3. you stumbled across more money and can afford a better sound.
In the case of 3, who cares, you’re not catering for that now. So deal with 1 and 2.
Q: do bass guitar amplifiers work the same way as electric guitar amplifiers?
I mean can i buy an electric guitar amplifier for my bass guitar?
A: The speakers on a bass amp are more heavy duty to handle the bottom end.
You will blow the speakers on a guitar amp with a bass.
Q: I plan to import guitar amplifiers into the US. What types of certification do I need?
As stated in the question, I plan to import amplifiers into the US. There are many types of conformance (EMC, FCC, CE, etc) that I can get for the amplifier, but it’s cost prohibitive to do them all. As such, as a minimum, which ones would I need to get, to certify the amplifiers?
A: Listen. Before you start worrying about conformance standards, you want to ensure that they match the american mains voltage.
Q: Does a guitar amplifiers head make sound?
I know i sound like an idiot. But does a guitar amplifiers head make any sound. Like can i play guitar through the head without a cab.
I am new to this
Best answer will go to a serious answer
A: The head makes no sound. You will need to plug it into a cabinet.
Q: whats the difference between watts in guitar amplifiers?
i have a ten watt amplifier for my guitar.
i was wondering if a 50 watt or larger amplifier has just bigger sound or many other functions as well. if it has many other functions then what are those?
A: In the case of an audio amp (guitar or not) the wattage figure is a measure of its audio output to the speaker. A 50 watt amp is roughly 5 times as powerful as a 10 watt amp. Most larger amps may have other features such as multiple inputs and mixer features. Some may even contain an equalizer system.
Q: How much do e drums probably cost? How much does a bass guitar with amplifiers probably cost?
I’m not asking how much they cost altogether, im asking how much e drums are and another separate question for how much a bass guitar with amplifiers cost..
Thank you for the answers (if anyone’s gonna answer)
A: google it……..look on a musical instrument sire
Q: Does anyone know any good inexpensive guitar amplifiers?
I spent all my money on the guitar. I need an amp hahas. I know It;s a bad idea. I only have about 100 to spend. It can go higher if it needs to, but not that much higher.
It needs to be good for stuff like blues and classic rock. It needs to able to handle distortion and overdrive as well.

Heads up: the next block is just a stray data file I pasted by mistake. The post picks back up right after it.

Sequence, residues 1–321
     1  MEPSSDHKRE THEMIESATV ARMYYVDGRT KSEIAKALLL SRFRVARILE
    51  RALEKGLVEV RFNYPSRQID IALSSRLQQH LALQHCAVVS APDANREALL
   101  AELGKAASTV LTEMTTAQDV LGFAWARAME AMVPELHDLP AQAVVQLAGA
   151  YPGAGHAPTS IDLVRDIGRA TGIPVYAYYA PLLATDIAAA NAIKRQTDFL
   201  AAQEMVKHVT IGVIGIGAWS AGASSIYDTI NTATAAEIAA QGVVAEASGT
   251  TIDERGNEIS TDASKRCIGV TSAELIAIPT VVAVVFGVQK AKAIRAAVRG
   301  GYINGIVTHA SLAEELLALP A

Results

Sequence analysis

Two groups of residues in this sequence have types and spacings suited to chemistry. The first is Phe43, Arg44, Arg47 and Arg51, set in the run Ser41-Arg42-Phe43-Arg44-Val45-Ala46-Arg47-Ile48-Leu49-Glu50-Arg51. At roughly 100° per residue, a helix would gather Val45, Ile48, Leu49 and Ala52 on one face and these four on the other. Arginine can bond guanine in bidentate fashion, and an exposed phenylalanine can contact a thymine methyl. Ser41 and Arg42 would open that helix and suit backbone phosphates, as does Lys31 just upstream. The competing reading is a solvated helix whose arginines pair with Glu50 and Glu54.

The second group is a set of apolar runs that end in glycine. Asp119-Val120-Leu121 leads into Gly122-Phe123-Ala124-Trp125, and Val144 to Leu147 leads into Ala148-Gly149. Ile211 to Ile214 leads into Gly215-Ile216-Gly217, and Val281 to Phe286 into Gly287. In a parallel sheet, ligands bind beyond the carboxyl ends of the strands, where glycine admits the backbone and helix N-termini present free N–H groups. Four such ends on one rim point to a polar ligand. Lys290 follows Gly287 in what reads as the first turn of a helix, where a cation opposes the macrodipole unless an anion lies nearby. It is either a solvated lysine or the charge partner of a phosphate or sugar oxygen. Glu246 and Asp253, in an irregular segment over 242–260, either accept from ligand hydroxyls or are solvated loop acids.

A: I have to say the best amp for its value is the little vox amp.
I think it’s about $85 at Long and Mcquade now the model is DA5.
This amp has all kinds of different preset tones, long with an mp3 input and a mic input, so u can sing at the same time if you wanted to!
If tried this and it works great! It also comes with different effect presets, such as flanger, reverb, tremolo, and wah. This is a great little amp (I own it and would recommend it to anyone with a small budget) that really gives a lot for the small cost!
Q: Which companies make the most powerful guitar amplifiers?
I am a guitarist starting my own metal band and i need to know
out of all the companies that make amplifiers which ones are the
best and give the most powerful sound and output?
Which company makes the amplifiers with the most watts?
A: Here’s the thing. You should be buying an amp for the tone, not the power. Once you get that it is a simple matter to send the signal to your sound reinforcement system (P.A.). If you have trouble hearing yourself through the noise of your band, have everyone turn down a little. Balance is everything. If your audience is having problems hearing, then reconsider how you have your P.A. set up.
There is absolutely no need to be LOUD when you practice. In fact, you might find that you can be a better musician when everyone knocks it down a couple of pegs.
Also, wattage does not necessarily mean that an amp will be louder. The combination of speaker and power amp (inside the amp) will dictate the loudness. The more efficient a speaker is, the less wattage you need, and the better the sound.
If what you want is a BIG amp, then by far the best tube amp brand is Mesa Boogie, the best solid state is Peavey.